The scary truth behind fear of GMOs

“First of all, let me assert my firm belief that the only thing we have to fear is fear itself—nameless, unreasoning, unjustified terror which paralyzes needed efforts to convert retreat into advance,” said President Franklin D. Roosevelt, about the hunger and desperation of the American people during the depression. Today, there is also fear, though we are in a time of relative plenty.

The National Science Foundation surveys a representative sample of Americans every two years. The General Social Survey asks about general attitudes about science in general and about specific science topics. For a quick overview of the highlights, see Everything Americans Know About Science in Seven Graphs by Sara Chodosh.

One positive finding: Americans are worried about climate change. Whether that translates into action or political will is another question. In this post, I’ll focus on the questions about genetically engineered foods, commonly called GMOs. According to the NSF, “data suggest that concern about GE food is increasing”.

Fear of GMOs is increasing

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NSF General Social Survey data showing public assessment of the danger of modifying genes of crops to the environment. Responses from all adults shown (n = 1,276 in 2000; 1,430 in 2010; 911 in 2016). Graph by Anastasia Bodnar.

The results from 2016 are strikingly different from results in 2000 and 2010. The number of respondents who find GMOs dangerous shot up to 79% in 2016, while just 18% thought GMOs are not dangerous, and 4% said they did not know. People are becoming more certain in their fear, not a good sign.

Women were more fearful than men. Those with more science knowledge or higher levels of education are less fearful than those who have less knowledge or are less educated. Age was not a factor. The fear of GMOs is confirmed by other research on public opinion, such as by Pew Research Center’s comparison of how scientists and the public view science issues.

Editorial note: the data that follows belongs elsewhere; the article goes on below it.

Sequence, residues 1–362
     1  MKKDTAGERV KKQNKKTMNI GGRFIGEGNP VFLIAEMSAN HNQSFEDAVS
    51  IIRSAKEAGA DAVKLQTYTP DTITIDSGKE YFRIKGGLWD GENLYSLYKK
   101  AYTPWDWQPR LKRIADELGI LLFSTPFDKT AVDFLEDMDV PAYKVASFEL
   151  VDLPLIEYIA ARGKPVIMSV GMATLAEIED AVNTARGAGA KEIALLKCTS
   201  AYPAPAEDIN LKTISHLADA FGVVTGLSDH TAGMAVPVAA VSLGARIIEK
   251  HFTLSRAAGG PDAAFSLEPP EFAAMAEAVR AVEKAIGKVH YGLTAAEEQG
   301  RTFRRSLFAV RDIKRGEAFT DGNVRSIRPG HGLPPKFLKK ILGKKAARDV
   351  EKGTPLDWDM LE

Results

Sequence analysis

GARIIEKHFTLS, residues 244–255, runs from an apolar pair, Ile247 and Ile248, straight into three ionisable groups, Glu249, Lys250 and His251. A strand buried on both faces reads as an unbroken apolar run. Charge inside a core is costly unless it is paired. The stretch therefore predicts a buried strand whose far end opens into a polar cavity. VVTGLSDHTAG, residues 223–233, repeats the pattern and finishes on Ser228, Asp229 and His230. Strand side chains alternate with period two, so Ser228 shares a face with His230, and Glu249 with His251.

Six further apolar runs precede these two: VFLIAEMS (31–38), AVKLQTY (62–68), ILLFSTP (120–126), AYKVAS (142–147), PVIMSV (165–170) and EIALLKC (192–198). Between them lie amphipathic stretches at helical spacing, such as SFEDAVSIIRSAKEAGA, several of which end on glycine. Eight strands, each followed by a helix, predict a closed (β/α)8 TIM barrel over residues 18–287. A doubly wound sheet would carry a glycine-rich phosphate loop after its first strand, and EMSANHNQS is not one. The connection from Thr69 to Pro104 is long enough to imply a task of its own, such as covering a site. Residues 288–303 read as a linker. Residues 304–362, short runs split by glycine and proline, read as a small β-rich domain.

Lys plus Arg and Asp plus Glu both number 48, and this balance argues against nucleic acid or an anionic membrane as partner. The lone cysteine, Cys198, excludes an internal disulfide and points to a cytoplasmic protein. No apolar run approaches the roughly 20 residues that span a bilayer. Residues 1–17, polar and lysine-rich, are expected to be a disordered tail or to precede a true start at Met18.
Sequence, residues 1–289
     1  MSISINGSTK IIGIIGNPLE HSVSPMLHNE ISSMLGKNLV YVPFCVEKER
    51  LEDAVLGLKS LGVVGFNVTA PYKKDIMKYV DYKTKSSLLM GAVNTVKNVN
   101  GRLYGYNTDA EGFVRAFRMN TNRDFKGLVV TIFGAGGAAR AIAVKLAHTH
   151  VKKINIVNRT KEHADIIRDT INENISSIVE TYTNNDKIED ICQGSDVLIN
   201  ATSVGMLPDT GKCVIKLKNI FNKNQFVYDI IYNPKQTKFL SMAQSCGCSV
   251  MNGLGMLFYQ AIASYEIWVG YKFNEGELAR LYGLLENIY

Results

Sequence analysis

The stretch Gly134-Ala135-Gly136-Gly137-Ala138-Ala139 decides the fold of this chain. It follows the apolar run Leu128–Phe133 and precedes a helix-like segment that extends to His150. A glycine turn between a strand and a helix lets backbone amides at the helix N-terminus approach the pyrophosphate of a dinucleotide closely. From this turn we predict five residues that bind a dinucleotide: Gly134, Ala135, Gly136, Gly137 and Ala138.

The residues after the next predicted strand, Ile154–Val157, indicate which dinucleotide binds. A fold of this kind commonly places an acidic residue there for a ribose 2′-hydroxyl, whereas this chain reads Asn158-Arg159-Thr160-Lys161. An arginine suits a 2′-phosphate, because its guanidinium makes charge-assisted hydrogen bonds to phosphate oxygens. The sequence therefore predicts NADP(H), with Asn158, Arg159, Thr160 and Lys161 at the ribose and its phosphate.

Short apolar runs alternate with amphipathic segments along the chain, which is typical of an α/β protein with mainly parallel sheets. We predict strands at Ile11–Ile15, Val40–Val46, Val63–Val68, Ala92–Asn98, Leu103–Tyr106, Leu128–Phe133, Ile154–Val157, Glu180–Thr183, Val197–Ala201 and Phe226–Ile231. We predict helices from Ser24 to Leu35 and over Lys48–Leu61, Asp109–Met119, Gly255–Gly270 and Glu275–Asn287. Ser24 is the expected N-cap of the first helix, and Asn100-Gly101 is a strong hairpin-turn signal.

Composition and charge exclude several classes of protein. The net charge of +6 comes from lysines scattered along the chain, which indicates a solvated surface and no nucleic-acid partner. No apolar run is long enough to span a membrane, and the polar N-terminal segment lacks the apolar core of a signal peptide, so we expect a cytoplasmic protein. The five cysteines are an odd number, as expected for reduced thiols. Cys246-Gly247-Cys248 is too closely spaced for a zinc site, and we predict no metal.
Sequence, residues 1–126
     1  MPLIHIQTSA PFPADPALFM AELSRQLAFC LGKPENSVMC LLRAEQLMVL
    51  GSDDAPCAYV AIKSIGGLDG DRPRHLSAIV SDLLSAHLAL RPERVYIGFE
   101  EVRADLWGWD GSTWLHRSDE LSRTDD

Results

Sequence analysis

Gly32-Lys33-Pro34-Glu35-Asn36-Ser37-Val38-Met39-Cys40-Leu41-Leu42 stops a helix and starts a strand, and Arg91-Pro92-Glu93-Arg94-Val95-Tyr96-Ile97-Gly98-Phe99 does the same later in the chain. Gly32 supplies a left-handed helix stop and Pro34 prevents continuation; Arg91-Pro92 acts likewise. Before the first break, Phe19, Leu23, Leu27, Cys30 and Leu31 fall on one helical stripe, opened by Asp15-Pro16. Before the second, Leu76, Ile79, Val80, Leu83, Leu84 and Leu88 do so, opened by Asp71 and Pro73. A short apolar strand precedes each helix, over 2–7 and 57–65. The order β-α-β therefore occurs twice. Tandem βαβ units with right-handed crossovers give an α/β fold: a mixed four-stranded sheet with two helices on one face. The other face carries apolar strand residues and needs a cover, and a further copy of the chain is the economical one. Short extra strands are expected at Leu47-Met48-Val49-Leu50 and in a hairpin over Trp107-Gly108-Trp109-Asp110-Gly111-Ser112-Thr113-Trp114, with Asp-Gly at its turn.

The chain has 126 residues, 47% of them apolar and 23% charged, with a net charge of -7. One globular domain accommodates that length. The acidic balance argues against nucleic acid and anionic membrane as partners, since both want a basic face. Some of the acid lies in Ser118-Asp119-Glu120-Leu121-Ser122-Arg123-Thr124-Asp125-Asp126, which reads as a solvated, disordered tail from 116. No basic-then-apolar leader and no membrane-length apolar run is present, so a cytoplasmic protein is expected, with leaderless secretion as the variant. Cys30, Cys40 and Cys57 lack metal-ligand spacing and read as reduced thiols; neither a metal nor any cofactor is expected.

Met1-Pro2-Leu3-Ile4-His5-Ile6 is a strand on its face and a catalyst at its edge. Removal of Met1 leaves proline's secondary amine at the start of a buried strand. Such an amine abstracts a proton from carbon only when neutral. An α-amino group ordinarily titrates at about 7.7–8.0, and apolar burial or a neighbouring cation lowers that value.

These results may not accurately describe how Americans feel about GMOs. If you ask people what are the top things they are concerned about when it comes to food, GMOs hardly make the list. People care much more about quality and cost. For example, in a 2013 study from Rutgers University, researchers asked “What information would you like to see on food labels that is not already on there?” Only 7% raised the issue of GMO labeling, and only 6% wanted more info about where or how the food was grown or processed. When people are specifically asked about GMOs, the number of people who want them labeled increases sharply. An overwhelming majority of people also want mandatory labels on food containing DNA, when asked specifically about DNA in food. Prompting people about specific food characteristics clearly leads to results that are skewed higher than if questions are asked without a prompt.

Why are people so afraid of GMOs?

Selling fear is lucrative. It’s really hard to fundraise when your message is “food is pretty safe”. Multiple organizations and individuals have made names for themselves by scaring people about GMOs. Journalists, trained to seek out both sides of a story, often give these organizations and individuals space to promote their biased, incorrect information. While I think a fair amount of blame can be placed in the hands of a few, there are some larger issues here.

Little red barn. Photo of Woodchuck Farm by William Garrett, enhanced by Dianne Lacourciere using textures by Distressed Jewel.

Little red barn. Photo of Woodchuck Farm by William Garrett, enhanced by Dianne Lacourciere using textures by Distressed Jewel.

People accept all sorts of technologies in medicine and cosmetics but have different ideas when it comes to food. Most of us have an idyllic scene in our minds of a little red barn and some peaceful cows, maybe an apple tree. The realities of farming have never met that image, but while we might be able to accept a robot apple picker, many of us don’t like the idea of pesticides, manipulated genes, or even “chemicals” in our food. Organic and “natural” food marketing have taken advantage of this idyllic view of farming.